As the 46th president of the United States, Joe Biden has set some ambitious policy goals that will have far-reaching effects on the healthcare real estate market and the operations of nursing homes and senior living communities. As a result, many seniors housing and care owner/operators are turning their focus in 2021 to adapting their business models and strategic decisions to a Democratic president and Democratic Congress. In this article, we explore what owner/operators can expect from the Biden administration on three fronts: taxes, regulation and spending. In the process, we examine how the administration’s policies under each of these categories may affect the industry in a negative, neutral or positive manner.


Capital Gains and Carried Interest

Under current law, the maximum effective federal income tax rate on net long-term capital gains and qualified dividends recognized by individual taxpayers is 23.8% (capital gains rate of 20% plus 3.8% net investment income tax (NIIT)). Under the new proposed tax plan, President Biden will seek to increase that rate to 43.4% (39.6% capital gains rate plus 3.8% NIIT) for those who earn $1 million or more. On a $50 million acquisition, the result could be a hefty $4.9 million increase in capital gains taxes. To net the same proceeds as one would have under the current law, the sale price would need to be increased to $58.7 million. These are substantial changes, and owner/operators considering merger and acquisition (M&A) activity in 2021 and beyond should pay close attention to the timing of these potential developments.

In addition, the administration wants to revise the income tax treatment of “carried interest” (a common form of compensation for hedge fund and private equity managers) from capital gains to ordinary income. This proposal could slightly modify the investment thesis or business model of private equity firms that invest in the senior care sector.

Estate Taxes

Owner/operators, especially those with family businesses, should be aware that they could be impacted by a proposed estate tax policy from the Biden administration. Under current law, the income tax basis of property held by a decedent on the date of death generally is stepped-up to its fair market value. However, President Biden has proposed to cap this basis “step-up” on death at $1 million, or $2.5 million per couple when the estate includes a primary residence. This policy could mean a significant increase in taxes when an heir receives a business following an owner’s death.

When could these new tax policies be enacted? Although difficult to predict, many experts believe this policy will not be introduced until 2022, giving owners of closely held businesses time to search for a more tax efficient transfer of ownership, such as tax efficient M&A structures or an employee stock ownership plan (ESOP). ESOP structures, in particular, are gaining popularity, as evident by this recent example.

Taxes – 1031 Exchanges and Depreciation Schedules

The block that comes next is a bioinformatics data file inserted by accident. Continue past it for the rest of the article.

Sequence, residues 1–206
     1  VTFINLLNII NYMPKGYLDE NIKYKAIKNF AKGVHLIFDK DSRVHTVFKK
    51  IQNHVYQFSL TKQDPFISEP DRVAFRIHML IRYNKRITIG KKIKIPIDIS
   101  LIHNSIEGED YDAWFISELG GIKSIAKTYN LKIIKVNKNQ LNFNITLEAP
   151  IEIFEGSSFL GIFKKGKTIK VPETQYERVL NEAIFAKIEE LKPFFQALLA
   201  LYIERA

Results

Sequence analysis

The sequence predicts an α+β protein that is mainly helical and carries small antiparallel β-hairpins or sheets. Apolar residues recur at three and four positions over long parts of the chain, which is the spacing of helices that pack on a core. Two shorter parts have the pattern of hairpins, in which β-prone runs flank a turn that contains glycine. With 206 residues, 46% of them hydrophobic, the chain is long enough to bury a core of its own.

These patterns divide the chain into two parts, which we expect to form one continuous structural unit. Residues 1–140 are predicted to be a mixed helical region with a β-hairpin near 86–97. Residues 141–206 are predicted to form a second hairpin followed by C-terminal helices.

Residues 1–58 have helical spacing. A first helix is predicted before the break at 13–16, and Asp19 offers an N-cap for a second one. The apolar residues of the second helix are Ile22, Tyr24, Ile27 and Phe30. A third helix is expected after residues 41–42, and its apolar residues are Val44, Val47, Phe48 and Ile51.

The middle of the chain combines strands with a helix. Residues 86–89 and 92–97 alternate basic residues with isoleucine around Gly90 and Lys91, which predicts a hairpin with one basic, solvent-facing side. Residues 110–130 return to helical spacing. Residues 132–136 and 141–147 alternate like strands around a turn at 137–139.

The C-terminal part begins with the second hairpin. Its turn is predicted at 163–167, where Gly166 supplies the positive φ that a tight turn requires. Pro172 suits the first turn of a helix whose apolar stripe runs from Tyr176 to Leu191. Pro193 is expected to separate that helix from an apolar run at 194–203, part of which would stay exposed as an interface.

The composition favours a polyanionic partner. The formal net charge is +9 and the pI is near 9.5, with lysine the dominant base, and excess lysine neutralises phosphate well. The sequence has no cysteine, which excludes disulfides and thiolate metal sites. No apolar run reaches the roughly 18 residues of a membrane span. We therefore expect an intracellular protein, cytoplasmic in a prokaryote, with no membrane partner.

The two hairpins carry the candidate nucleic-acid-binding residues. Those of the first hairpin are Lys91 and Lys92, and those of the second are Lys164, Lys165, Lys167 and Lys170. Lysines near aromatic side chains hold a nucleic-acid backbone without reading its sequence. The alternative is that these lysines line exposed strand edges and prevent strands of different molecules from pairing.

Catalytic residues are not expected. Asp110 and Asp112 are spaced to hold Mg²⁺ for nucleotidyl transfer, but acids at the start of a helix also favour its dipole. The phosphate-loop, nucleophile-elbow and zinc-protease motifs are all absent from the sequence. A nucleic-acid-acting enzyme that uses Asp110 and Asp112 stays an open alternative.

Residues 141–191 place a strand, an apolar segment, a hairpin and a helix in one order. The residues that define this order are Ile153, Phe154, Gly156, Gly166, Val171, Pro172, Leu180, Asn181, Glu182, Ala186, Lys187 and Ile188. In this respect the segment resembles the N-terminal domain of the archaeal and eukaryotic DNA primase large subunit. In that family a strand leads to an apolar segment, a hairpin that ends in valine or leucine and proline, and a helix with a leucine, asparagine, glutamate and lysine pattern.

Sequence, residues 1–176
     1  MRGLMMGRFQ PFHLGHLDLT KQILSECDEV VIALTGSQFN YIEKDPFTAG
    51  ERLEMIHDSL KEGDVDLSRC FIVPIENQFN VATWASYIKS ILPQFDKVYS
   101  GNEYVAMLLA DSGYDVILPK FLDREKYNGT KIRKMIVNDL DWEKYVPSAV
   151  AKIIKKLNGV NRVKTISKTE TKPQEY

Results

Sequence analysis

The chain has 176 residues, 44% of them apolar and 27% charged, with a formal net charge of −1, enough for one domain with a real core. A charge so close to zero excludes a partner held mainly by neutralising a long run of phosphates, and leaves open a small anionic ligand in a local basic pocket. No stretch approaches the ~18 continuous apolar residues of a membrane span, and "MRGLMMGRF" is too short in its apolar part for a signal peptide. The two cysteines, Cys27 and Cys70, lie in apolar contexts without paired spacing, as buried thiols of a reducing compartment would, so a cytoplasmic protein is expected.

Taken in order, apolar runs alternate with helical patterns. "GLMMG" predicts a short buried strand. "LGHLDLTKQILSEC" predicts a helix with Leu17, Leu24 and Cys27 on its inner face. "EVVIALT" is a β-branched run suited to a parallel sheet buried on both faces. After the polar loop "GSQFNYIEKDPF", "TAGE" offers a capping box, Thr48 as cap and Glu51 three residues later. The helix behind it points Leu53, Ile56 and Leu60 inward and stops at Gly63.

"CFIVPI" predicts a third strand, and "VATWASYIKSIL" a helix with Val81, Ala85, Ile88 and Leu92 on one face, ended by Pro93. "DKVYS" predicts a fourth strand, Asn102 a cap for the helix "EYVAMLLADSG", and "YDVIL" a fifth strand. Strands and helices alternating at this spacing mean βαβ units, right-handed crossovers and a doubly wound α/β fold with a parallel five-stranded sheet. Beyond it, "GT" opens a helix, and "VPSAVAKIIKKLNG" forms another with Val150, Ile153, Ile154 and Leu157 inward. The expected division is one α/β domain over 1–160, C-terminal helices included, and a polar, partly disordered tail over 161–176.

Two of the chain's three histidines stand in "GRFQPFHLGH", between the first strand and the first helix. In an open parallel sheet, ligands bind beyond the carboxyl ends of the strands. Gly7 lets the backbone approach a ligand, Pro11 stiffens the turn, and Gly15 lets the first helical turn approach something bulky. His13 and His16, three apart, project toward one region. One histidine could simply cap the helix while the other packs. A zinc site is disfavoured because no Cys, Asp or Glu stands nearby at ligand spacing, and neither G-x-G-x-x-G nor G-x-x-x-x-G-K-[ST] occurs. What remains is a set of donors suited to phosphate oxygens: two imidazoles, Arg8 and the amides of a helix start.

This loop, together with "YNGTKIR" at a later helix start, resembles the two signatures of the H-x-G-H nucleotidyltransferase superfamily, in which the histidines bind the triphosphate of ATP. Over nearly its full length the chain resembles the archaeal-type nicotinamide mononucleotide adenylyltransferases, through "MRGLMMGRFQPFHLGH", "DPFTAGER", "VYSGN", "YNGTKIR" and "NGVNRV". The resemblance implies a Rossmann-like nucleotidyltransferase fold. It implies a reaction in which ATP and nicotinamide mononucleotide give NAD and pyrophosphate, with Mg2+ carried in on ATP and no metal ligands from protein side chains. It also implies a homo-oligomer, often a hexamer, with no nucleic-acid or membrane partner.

Another potential Biden policy that would impact investors in the seniors housing and care industry is the potential elimination of 1031 exchanges (when the capital gain is greater than $500,000) and rules that allow faster depreciation write-offs for certain real property. 1031 exchanges, under current law, are used by investors to defer capital gain recognition and ultimately encourage continued investment in the real estate market. If 1031 exchanges are eliminated, real estate investors might think twice before selling investment properties, which could slow down the deal market. In fact, a study prepared by Ernst & Young in 2015 indicated that GDP would fall by $8.1 billion per year if 1031 exchanges were eliminated.[1] The good news is that 1031 exchanges have been targeted before in previous tax law changes, but the economic importance of such exchanges has overshadowed previous attempts to eliminate them. In 2020 alone, there was $3.2 billion raised to invest in 1031 exchange transactions from 40 equity sponsors, per a report prepared by Mountain Dell Consulting, of which $140 million was raised to invest in the senior care sector.[2]

If policies and laws change around depreciation and slow down the depreciation schedule, then owners of real estate will have to pay more taxes, as owners would then show greater cash flow on their tax returns. While this is not as significant as the other proposed laws and policies, it is still something owners of real estate should consider when plotting out their plans for 2021 and beyond.

Corporate Taxes

Proposals to raise the corporate income tax can additionally create performance pressures on owner-operators. These include raising the rate from 21% to 28% and imposing a 15% minimum tax on the book income of large corporations. These proposals are being considered to raise revenue for new spending programs and would repeal changes to the corporate tax made by the Tax Cuts and Jobs Act (TCJA) in late 2017. An increase in the federal corporate tax rate to 28% would raise the U.S. federal-state combined tax rate to 32.34%. If this legislation takes effect, it will have a decidedly negative impact on both sellers and buyers if tax-efficient M&A structures are not employed.


The previous administration supported healthcare providers fighting the COVID-19 pandemic through the bipartisan CARES Act Provider Relief Fund, the Paycheck Protection Program, and Health Care Enhancement Act. That strong support gave investors’ confidence of the viability of the healthcare real estate sector moving forward, as stock prices rose considerably following the lows of April 2020.

The Biden administration is committed to providing older Americans with a safe and dignified community to live in during the pandemic and plans to improve on the COVID-19 policies set by the previous administration. Specifically, the Biden administration will invest $25 billion in a vaccine manufacturing and distributions plan with the goal of having 2.5 million doses administered per day. President Biden’s COVID-19 policies for the seniors housing and care sector include:

  • Ensure effective point-of-care testing and contract tracing
  • Ensure updated public health guidance is followed
  • Invoke Defense Production Act to increase PPE
  • Effective medical supply chain
  • Ensure adequate staffing and training